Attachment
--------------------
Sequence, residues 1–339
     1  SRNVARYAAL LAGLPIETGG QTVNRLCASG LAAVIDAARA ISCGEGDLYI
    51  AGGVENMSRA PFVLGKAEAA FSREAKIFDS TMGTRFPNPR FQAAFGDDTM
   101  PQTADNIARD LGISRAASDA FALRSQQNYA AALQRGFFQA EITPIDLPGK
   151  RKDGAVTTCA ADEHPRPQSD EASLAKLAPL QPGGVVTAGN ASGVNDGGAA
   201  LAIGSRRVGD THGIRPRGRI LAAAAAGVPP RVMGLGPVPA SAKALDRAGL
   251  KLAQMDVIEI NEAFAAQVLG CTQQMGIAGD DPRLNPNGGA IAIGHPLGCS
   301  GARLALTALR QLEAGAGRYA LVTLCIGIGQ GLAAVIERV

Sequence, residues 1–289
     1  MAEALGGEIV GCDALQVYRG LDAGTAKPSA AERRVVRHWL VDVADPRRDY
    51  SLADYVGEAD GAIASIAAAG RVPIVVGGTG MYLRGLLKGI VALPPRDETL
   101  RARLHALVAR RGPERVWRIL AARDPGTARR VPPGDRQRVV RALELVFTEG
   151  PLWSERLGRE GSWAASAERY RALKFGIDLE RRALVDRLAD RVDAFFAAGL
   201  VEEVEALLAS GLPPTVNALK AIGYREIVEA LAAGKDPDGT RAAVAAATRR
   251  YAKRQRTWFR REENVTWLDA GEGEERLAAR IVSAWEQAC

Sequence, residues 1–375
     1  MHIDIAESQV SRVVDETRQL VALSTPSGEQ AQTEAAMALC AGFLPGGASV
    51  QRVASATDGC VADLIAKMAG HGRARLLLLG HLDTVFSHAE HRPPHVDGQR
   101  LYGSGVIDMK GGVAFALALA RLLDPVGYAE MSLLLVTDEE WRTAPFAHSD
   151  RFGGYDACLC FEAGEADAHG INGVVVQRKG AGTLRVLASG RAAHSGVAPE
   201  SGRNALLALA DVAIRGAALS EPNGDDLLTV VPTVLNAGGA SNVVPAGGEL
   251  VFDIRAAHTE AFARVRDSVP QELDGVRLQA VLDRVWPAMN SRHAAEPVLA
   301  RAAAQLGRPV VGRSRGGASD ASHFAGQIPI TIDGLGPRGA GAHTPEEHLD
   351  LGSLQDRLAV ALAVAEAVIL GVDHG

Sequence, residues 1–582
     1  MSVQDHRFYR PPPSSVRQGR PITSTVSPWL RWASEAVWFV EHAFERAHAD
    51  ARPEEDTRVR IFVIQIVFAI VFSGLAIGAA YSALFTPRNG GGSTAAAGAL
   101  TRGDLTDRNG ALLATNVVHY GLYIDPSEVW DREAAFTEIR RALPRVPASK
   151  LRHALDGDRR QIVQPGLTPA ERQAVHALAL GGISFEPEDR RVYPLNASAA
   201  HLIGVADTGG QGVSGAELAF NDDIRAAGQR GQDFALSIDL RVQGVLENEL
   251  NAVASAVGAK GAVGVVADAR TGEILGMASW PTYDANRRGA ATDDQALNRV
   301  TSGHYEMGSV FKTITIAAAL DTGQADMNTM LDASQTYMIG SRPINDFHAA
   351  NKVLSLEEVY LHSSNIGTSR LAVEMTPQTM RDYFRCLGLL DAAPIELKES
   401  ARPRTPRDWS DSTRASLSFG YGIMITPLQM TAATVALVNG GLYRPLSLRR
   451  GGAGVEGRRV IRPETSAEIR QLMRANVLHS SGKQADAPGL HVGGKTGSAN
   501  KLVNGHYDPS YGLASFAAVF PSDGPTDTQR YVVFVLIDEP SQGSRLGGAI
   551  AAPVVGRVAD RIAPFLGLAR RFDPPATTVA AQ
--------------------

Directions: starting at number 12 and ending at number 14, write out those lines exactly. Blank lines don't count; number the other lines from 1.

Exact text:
   101  RARLHALVAR RGPERVWRIL AARDPGTARR VPPGDRQRVV RALELVFTEG
   151  PLWSERLGRE GSWAASAERY RALKFGIDLE RRALVDRLAD RVDAFFAAGL
   201  VEEVEALLAS GLPPTVNALK AIGYREIVEA LAAGKDPDGT RAAVAAATRR